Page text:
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Thread: Talking to antis about the reality of trapping

  1. #1
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    Default Talking to antis about the reality of trapping

    Hi, I'm not a trapper, I'm just reading about it. I'm new to hunting and conservation. I have a trapper friend who went into that occupation because she's autistic and being out in the woods serves her better than a mainstream job would. Even if it doesn't pay much these days.

    I've also had lots of anti-trapping friends. You've heard about the fierce backlash against the conibear trap. Ironically, at the time it was introduced, it was heralded for being a more humane alternative to the leg-hold traps of the time. Queen Elizabeth II herself met Frank Ralph Conibear to congratulate him.

    What can I say to anti-trappers who think all trappers are wildlife-hating sadists?

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  3. #2
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    If their minds are made up then there's just about nothing you can say. Like it or not, trapping has a history of cruelty and when trappers came under the gun in the '60's and 70's for their archaic methods many of them still refused to change. It took the entire rejuvenation of the commercial fur laws coupled with compulsory trapper ed courses just to get their attention and show that the government meant business.
    The other problem of course is that it will always be difficult to justify the killing of an animal for the sake of fashion when that same fur can be made synthetically.
    It will always be easier to justify hunting and fishing over trapping with the exception of nuisance animal removal. In reality your only recourse is to try to educate them with the concept of population control which leads to the overall health of the species. Use mink and marten for your examples.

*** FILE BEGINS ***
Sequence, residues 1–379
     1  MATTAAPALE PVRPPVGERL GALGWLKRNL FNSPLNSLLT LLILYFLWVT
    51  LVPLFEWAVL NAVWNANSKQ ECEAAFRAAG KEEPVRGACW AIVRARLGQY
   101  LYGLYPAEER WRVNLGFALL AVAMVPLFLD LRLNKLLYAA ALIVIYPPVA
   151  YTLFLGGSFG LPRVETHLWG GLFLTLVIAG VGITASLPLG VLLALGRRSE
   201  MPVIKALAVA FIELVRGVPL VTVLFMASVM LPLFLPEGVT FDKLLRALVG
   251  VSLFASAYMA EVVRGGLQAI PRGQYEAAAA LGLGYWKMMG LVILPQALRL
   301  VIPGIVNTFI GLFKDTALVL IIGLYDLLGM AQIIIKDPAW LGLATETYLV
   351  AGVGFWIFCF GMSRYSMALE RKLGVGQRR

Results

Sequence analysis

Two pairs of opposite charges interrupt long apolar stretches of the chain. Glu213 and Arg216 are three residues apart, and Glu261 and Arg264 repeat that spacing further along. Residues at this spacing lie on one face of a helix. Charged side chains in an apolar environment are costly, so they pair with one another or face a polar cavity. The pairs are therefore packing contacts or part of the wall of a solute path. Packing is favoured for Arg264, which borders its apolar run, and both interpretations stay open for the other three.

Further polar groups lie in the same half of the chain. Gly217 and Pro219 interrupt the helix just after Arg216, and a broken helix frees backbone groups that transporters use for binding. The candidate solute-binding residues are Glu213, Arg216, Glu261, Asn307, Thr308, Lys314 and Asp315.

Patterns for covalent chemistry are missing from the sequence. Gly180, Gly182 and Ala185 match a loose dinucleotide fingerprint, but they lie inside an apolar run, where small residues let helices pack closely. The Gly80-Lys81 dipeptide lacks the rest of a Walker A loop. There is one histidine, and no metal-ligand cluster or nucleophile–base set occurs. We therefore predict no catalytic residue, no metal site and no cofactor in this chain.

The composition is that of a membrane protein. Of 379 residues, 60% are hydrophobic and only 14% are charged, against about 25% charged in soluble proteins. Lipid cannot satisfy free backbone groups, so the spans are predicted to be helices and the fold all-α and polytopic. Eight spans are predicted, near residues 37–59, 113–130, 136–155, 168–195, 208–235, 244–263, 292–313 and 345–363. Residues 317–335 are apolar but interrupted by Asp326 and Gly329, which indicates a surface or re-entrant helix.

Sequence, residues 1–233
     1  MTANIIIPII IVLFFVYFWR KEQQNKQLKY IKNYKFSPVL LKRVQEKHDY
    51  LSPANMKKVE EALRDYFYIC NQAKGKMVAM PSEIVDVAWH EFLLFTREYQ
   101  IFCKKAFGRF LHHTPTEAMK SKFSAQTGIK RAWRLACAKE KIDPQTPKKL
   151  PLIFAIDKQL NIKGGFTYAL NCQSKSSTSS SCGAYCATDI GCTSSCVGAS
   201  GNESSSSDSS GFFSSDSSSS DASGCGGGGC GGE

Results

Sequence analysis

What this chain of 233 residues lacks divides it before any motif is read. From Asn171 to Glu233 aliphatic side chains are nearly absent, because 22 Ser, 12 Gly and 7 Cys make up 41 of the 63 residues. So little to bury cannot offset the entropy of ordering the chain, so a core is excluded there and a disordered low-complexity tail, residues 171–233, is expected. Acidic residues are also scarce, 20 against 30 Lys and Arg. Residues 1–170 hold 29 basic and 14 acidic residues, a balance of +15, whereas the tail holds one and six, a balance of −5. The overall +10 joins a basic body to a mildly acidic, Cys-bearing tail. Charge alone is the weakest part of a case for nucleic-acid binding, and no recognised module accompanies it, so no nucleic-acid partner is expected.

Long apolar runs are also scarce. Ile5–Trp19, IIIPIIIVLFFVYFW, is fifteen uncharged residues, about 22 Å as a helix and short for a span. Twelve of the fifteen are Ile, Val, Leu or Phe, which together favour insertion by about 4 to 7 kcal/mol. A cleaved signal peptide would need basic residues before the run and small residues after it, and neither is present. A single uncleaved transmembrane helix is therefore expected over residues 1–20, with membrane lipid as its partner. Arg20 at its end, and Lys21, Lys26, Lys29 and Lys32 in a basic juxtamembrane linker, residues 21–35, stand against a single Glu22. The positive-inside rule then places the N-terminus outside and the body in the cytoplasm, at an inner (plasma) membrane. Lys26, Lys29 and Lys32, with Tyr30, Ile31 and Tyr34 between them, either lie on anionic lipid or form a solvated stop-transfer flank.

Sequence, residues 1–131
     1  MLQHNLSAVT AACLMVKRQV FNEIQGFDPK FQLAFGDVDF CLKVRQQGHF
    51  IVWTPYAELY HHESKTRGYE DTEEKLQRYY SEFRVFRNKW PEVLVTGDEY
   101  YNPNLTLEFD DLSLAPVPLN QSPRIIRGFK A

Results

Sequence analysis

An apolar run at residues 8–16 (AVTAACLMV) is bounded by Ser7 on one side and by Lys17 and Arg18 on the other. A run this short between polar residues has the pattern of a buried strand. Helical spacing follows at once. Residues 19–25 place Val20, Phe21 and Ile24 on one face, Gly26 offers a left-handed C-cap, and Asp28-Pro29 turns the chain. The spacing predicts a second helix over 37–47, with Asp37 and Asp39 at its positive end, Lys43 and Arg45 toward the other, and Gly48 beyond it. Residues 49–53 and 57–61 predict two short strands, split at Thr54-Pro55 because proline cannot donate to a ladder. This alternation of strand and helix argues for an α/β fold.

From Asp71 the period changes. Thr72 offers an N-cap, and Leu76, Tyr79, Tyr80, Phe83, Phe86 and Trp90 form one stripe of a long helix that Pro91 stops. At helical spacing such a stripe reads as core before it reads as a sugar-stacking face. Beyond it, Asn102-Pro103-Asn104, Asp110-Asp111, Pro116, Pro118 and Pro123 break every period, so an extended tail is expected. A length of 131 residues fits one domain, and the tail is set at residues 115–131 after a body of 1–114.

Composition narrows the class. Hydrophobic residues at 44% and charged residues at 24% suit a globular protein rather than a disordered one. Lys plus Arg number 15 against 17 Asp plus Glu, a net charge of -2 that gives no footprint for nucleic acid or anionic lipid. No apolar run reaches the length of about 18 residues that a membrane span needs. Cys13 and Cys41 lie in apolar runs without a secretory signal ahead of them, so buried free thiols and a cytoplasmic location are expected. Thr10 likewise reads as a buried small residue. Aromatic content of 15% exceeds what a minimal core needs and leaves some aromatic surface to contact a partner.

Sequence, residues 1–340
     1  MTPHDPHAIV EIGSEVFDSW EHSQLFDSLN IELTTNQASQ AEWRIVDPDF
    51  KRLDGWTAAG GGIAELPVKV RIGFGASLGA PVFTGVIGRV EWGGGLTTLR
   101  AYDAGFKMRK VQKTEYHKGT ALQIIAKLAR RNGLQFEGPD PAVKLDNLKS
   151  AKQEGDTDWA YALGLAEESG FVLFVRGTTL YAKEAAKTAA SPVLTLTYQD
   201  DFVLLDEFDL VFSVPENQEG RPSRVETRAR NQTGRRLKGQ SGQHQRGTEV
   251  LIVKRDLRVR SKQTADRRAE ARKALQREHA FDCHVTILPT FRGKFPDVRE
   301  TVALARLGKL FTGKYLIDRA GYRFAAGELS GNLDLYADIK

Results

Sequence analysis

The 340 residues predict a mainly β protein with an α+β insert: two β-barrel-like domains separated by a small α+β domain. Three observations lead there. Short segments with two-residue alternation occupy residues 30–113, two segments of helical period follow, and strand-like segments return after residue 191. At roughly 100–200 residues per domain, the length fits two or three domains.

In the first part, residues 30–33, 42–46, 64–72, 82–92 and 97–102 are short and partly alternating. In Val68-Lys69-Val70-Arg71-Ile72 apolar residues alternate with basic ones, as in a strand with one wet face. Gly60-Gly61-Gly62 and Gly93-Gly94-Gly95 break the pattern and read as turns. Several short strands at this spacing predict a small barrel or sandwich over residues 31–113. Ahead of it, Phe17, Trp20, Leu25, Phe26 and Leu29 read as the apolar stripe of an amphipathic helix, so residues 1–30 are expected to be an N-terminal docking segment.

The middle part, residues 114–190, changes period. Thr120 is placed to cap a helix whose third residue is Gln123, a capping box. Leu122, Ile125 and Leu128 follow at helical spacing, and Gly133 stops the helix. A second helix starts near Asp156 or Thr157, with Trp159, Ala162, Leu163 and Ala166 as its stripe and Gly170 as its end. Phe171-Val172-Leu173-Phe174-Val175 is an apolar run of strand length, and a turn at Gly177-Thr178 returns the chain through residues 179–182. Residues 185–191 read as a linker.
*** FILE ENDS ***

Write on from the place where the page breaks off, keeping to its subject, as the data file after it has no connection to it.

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    Hi Skull&Bones, Sawbill nailed it with his reply but I can also add that trapping also limits property damage/flooding when it comes to dispatching Beavers and pet/swimmer attacks when it comes to using drowning sets to remove Muskrats (seen it with my own eyes!)

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  5. #4
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    Quote Originally Posted by skulls&bones View Post
    Hi, I'm not a trapper, I'm just reading about it. I'm new to hunting and conservation. I have a trapper friend who went into that occupation because she's autistic and being out in the woods serves her better than a mainstream job would. Even if it doesn't pay much these days.

    I've also had lots of anti-trapping friends. You've heard about the fierce backlash against the conibear trap. Ironically, at the time it was introduced, it was heralded for being a more humane alternative to the leg-hold traps of the time. Queen Elizabeth II herself met Frank Ralph Conibear to congratulate him.

    What can I say to anti-trappers who think all trappers are wildlife-hating sadists?
    What can I say to anti-trappers who think all trappers are wildlife-hating sadists?[/QUOTE]

    There is probably not a lot you can say. Their mines are made up and they donít appreciate having them challenge by anything you might think. The conibear trap was designed to quickly terminate any trapped animal with its mechanism slamming shut and breaking some section of the animals spinal cord, causing the on set of death. In my youth I recall an episode along our line fence where a neighbour had set a conibear trap, possibly to deal with coyotes or stray dogs that might come to bother his sheep. It was presumably a nightly guardian for his flock, since during the day his favour tool was a goose gun loaded with buckshot. That said bro and I were out for hunt and we came across a porcupine, that had attempted to cross into our property through the small opening in the fence guarded by the conibear trap, it had gotten it head and neck through the trap before it had shut down on its upper body. The porcupine was very much alive, so we shot it to put it out of its misery. That said, I have come across something of a humane live trap, Iíve been using it this year to remove a few of the squirrels I found helping themselves to our small vegetable patch in our back yard. It works pretty good. I capture them and live release them after I take them for a long drive out into the rural area that surrounds the city. This is not to say they donít suffer a bit, any wild animal denied its freedom can work themselves up into quite a state of adjuration, in this case they live to pursue life elsewhere.

    You donít stop hunting because you grow old. You grow old because you stop hunting.
    - Gun Nut

  6. #5
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    The guy that hosts meat hunter has a good video on this. He is at a book signing and is asked by a vegan about taking an animals life. One of the best answers I have heard. Way better articulated then I have ever come up with.


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